Cris was the former top lane player from Velocity, and now acting top lane for COG, replacing iDream. Cris was known for his aggressive top lane play, and routinely draws Riven bans. Patch 3.14 has favored several of the mana-less top lane bruisers, with Rengar being a classic Cris selection. While 3.14 has morphed the playstyle of the top lane into a massive sustain battle, Cris has adapted to the strategy, but tends to build damage items earlier in his build order. Cris tends to pick top laners with higher damage output (Riven, Elise) rather than the hyper tanks (Renekton, Dr. Mundo).
Jungler – Captain Ziploc
Captain Ziploc is one of the weaker junglers in the North American challenger scene, with a KDA score of 1.2 in the promotional tournament. It is common for Captain Ziplock to get first blood on his opponent; however his presence in the mid and late game is somewhat negligible. While his early game tempo is on point, his decision making for objective calls past 25 minutes become less clear.
Mid Lane – Zamphira
Zamphira gained notoriety from playing Lulu mid lane for a large part of Season 3. In the NACL, Lulu was a constant ban against COG, which put the enemy into a pick disadvantage when playing Blue Side. Zapmhira tends to play champions that poke down enemies rather than an assassin. Another distinctive playstyle of Zamphira is that he prefers to gain a CS advantage through pressuring lanes with quick wave clear. Zamphira also tends to pick traditional AD Carries and play them mid.
Duo Lane – nothinghere and Zaineking
COG’s marksman, nothinghere, is usually the one to carry COGnitive in the late game, as are most AD Carries. Nothinghere tends to play within the meta, picking the AD Carries that are most powerful at the moment rather than relying on comfort picks. Nothinghere has issues by giving up kills throughout the game, partially from mis-positioning and also lack of protection from his own team. While COGnitive’s greatest strength is their bottom lane, it is still relatively weak compared to the any of the LCS bottom lanes.
Zaineking is the second half of the COGnitive bot lane. COGnitive’s early game in bottom lane is very successful due to the fact that Zaine plays aggressive champions that can set up kills easily, most notably Annie. Despite playing one of the most aggressive supports in this meta, Zaine has picked Janna twice in the LCS Promo series, which demonstrates the ability to play both aggressive and traditional utility supports.
Level 1 Strategy
The level 1 strategy for COGnitive is to set up a defensive fan, with each laner going to his respective position. There are no wards green placed during this time. This type of fan is predictable of where they plan on sending their laners.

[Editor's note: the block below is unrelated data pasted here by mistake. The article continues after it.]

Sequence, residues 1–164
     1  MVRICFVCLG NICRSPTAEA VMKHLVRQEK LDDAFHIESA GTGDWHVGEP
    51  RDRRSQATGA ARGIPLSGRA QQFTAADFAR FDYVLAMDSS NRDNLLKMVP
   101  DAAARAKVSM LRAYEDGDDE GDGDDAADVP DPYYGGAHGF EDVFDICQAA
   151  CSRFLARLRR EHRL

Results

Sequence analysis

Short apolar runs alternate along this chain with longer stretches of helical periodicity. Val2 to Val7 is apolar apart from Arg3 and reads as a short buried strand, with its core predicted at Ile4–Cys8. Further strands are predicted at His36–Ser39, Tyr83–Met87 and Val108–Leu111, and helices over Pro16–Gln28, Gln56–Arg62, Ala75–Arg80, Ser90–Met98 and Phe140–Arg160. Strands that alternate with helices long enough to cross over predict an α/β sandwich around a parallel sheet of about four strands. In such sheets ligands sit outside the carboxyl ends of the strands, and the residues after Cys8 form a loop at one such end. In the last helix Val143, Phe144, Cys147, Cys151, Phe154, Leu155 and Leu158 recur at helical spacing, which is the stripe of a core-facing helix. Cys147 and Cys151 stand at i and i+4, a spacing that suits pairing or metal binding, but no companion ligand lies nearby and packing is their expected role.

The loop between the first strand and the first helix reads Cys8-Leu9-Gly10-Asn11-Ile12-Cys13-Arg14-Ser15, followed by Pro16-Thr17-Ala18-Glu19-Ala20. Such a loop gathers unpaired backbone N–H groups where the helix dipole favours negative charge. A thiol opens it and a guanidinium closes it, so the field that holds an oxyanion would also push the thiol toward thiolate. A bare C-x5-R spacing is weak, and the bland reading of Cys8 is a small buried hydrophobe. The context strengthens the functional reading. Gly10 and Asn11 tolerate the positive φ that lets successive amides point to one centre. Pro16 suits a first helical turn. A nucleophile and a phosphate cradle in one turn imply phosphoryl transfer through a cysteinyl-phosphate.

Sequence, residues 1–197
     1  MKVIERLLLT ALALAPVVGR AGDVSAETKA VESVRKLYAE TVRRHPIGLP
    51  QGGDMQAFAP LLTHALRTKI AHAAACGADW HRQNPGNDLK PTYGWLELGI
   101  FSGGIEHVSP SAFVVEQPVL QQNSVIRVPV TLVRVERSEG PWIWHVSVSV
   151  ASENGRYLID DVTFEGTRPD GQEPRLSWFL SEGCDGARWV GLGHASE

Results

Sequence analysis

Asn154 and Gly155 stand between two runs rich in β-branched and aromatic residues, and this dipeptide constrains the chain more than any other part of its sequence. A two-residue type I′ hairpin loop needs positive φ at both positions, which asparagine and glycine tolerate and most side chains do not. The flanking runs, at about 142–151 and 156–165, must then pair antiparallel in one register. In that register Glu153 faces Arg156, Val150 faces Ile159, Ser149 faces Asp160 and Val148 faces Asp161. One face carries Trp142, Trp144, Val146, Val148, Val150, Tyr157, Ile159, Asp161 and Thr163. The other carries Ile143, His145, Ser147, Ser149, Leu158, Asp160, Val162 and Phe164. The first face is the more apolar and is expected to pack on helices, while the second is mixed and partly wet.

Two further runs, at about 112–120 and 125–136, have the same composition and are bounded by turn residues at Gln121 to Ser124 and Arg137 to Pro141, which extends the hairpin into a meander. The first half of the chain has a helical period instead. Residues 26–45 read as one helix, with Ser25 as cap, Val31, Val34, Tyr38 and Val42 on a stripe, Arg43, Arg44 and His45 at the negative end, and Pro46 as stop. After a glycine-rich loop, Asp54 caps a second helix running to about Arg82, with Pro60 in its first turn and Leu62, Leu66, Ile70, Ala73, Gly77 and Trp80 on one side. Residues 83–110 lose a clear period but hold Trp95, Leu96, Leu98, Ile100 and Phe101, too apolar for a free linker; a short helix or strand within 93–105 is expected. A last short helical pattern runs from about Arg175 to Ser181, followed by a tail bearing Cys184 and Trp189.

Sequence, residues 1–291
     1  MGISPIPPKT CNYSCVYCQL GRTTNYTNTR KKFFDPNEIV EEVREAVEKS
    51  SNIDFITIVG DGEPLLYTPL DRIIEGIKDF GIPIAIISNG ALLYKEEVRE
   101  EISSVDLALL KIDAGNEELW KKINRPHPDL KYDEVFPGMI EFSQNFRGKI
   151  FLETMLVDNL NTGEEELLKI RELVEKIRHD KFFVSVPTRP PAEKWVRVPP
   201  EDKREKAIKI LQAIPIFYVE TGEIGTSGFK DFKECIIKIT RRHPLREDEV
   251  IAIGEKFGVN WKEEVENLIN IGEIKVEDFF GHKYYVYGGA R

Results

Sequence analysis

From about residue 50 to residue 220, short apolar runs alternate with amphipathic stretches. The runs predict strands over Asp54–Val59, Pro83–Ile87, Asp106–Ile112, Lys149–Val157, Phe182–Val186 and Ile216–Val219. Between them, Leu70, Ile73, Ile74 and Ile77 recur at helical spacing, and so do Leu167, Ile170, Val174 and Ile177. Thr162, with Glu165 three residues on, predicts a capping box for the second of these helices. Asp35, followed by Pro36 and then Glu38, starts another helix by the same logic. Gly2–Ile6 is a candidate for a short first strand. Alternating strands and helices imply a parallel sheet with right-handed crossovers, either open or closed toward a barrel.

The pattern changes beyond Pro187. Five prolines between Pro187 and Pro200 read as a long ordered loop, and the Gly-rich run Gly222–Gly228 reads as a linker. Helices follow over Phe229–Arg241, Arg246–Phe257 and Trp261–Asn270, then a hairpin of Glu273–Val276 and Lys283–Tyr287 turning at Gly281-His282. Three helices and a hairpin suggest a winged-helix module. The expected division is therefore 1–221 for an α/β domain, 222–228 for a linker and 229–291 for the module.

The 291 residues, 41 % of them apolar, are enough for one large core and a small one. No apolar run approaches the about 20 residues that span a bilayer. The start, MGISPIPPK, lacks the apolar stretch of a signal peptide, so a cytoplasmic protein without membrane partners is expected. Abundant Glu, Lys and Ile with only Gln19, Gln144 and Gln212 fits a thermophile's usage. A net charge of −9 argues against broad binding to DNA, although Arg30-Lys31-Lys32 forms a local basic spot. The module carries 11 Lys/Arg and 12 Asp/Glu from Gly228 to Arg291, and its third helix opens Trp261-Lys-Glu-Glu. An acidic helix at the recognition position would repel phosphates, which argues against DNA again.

General Compositions and Strategy
COGnitive tend to group compositions around quick wave clear along with heavy siege/poke. This composition tends to favor games that span beyond the 35-minute mark. The objective is to collect as much farm and reach a 4-5 completed threshold on the primary lanes. Death timers are much longer, which leads easier objectives after an ace. COGnitive tend to survive that early game and hold out for an advantageous team fight.
COG also runs double AD compositions, even with a tankless variant. With a fast-push strategy, the power spike for the composition is very early within the game. COG have had great success with the fast push double AD strategy, which they may bring out against Curse.
COG’s biggest issue is not knowing how to push a lead when they are ahead. An example is that with a fast-push strategy, the power spike for the composition is very early within the game, and that lead must be taken advantage of. Instead, COG become bogged down into situations where objectives are taken after team fights, which their compositions don’t necessarily favor.
Several of the COGnitive victories in the NA LCS Promotional Qualifier came from late-game turn arounds, by the opponent throwing the game. Against Team Curse, it seems unlikely that COG will be as fortunate.
Players to watch: Cris, Zaineking
The Bottom Line:
I am almost certain that Curse selected COGnitive because COG is the weakest of the three promoted teams. Curse has been doing a good job of keeping their 3.14 strategies hidden, although It is expected that Curse will take champions that are strong in this meta. COG has a very tough match against Curse, and need to improve on several game fundamentals in order to advance into the LCS.
That will wrap it up for the prediction of the NA LCS Promotional Tournament. The NA LCS season will begin on January, 17th and will feature the top 8 North American teams battling out over the following 11 weeks for their chance be titled the Best in North America.